Iraq’s draft constitution will probably be approved in the referendum to be held on October 15. But whether it is ratified or not ultimately does not matter, as the constitution – and the whole constitution-making process – is totally out of touch with the realities of a country that no longer exists as a coherent body politic.
The problem is not with the constitution, but with the conventional wisdom – almost an idée fixe – that Iraq is a viable modern nation-state, and that all it needs to make it work properly is the right political institutions. But this is a fallacy, and responsible leaders should begin to think of alternatives.
The Iraqi state, established in the 1920’s by British imperialist planners (with Winston Churchill in the lead), is a strange pastiche of three disparate provinces of the old Ottoman Empire: Mosul in the north with a Kurdish majority, Baghdad in the center with a Sunni Arab majority, and Basra in the south with a Shia Arab majority. For their own political reasons, the British put the Sunni Arabs – never more than 25% of the population – in control of the whole country, and even imported a Sunni Arab Hashemite prince to rule over their creation.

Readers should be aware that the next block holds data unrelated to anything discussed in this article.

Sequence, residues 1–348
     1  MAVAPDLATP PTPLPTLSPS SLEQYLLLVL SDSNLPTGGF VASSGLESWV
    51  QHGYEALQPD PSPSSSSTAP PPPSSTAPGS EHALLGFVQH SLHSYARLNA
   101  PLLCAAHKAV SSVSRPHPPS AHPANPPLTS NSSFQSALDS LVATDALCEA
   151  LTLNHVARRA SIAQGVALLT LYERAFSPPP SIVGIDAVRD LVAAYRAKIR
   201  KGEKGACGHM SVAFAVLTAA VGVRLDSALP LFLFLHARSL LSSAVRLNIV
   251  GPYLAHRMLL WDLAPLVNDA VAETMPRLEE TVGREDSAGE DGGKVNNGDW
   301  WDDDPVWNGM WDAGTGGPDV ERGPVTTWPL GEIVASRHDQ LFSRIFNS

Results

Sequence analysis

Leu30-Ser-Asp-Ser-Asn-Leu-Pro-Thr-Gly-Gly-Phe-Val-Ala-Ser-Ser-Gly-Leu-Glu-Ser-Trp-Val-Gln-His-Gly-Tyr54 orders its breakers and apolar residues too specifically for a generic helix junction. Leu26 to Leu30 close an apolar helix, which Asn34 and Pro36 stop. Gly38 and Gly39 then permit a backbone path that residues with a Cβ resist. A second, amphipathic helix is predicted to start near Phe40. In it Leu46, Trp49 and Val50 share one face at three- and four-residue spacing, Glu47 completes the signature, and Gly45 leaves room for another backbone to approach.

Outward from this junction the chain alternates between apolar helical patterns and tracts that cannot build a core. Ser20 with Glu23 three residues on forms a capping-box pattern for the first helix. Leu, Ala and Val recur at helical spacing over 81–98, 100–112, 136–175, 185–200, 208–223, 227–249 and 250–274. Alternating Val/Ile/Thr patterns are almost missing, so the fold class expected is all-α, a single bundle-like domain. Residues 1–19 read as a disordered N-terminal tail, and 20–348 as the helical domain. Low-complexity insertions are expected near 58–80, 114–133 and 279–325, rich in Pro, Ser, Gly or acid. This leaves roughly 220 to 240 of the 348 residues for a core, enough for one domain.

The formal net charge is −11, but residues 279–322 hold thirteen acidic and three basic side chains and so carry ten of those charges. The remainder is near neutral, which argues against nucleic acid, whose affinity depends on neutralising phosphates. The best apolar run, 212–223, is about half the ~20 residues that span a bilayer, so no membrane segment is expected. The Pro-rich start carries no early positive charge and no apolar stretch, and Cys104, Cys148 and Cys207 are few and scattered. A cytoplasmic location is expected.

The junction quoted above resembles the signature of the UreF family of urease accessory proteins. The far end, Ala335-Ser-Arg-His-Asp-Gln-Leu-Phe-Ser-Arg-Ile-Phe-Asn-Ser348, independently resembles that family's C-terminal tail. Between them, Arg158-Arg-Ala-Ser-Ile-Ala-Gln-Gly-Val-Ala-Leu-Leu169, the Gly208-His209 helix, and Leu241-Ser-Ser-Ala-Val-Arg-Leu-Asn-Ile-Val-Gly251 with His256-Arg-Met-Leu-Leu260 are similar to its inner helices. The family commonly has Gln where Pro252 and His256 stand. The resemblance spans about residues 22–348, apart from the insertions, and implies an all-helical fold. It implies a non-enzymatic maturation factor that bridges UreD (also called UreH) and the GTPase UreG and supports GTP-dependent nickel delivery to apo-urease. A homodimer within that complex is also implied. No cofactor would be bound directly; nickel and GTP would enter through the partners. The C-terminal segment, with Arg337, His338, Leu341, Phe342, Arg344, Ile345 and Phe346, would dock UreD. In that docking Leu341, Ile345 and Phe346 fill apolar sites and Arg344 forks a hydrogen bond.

Ever since, the country could be held together only by an iron fist: Iraq’s history is replete with Shia, Kurdish, and even Christian Assyrian revolts, all put down in bloody fashion by the ruling Sunni minority. Throughout its history, modern Iraq has always been the most oppressive of the Arab countries. Saddam’s rule was only the most brutal in a long line of Sunni regimes.